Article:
This is an original post from the New Jersey Moms Blog (http://www.newjerseymomsblog.com). Shelli also blogs about the road to self-improvement at http://bagmomma.blogspot.com/.


(c) 2009, Shelli.

As written for New Jersey Moms Blog, http://www.newjerseymomsblog.com.

Distributed by McClatchy-Tribune Information Services.


Raising a social butterfly

Posted by besttech

I didn’t realize that the popularity contests started so young, as early as preschool — maybe even earlier. My first child has autism and social situations are challenging for him, to put it mildly. Friends are few and far between and he rarely gets invited to birthday parties or playdates. But who has time for that anyway?

Instead of birthday parties and playdates it was always therapy, school and doctor’s appointments for him.

My daughter, on the other hand, at the tender age of 4 is quite popular. The mailbox overflows with birthday party invites and I’m constantly trying to sandwich in playdates around her daily pre-k and weekly dance class schedule. I love the fact that she has lots of friends and a social life (bordering on better than my own … scratch that — it IS better than my own). But, lately, her popularity has put me in a predicament.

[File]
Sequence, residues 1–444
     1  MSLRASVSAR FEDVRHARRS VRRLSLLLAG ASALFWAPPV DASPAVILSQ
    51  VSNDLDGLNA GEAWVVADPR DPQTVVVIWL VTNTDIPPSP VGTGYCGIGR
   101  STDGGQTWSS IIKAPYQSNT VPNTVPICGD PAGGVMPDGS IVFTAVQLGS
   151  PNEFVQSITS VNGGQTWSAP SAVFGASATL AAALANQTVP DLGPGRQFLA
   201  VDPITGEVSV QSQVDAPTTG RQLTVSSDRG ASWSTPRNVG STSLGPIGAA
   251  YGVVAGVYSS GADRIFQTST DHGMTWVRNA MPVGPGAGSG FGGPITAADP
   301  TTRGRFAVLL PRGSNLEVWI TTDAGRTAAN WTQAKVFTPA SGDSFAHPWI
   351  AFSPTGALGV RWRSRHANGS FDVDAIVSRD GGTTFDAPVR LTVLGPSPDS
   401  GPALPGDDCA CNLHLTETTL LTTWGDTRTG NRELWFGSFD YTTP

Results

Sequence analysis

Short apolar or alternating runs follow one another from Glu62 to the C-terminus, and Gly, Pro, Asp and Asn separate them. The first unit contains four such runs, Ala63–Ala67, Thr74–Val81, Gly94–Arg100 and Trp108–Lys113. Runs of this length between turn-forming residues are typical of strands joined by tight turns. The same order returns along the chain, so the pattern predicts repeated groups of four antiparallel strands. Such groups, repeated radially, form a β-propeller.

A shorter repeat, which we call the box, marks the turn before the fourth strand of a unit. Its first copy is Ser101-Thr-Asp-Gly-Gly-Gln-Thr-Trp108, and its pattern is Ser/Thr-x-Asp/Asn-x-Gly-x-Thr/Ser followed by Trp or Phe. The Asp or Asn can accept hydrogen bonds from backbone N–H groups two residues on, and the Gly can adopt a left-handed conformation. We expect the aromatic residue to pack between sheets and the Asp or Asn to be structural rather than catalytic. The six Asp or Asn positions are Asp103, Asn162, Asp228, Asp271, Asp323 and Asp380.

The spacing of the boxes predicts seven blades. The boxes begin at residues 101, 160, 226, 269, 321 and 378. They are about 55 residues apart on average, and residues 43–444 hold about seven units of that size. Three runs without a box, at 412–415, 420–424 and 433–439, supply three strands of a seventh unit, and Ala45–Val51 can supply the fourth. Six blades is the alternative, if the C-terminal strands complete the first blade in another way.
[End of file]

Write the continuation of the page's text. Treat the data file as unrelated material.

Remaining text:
I have birthday party woes.

My little social butterfly just turned 4 years old and I’m in the midst of planning her birthday party. Since I never had big birthday parties growing up, I’ve always thrown them for my kids. Past parties have included things like bear-making, karate, bowling or the kids play-gym. My daughter wanted a dance party this year. I explained that perhaps her friends who are boys wouldn’t be too down with that idea and maybe we could just invite her friends that are girls. I expected her to melt down but instead she expressed concern to me that one of her friends wouldn’t be able to participate — a sweet little girl in her pre-k who requires the use of a walker. Because this is one of her best friends at school, I agreed — we’d find another place to have her party.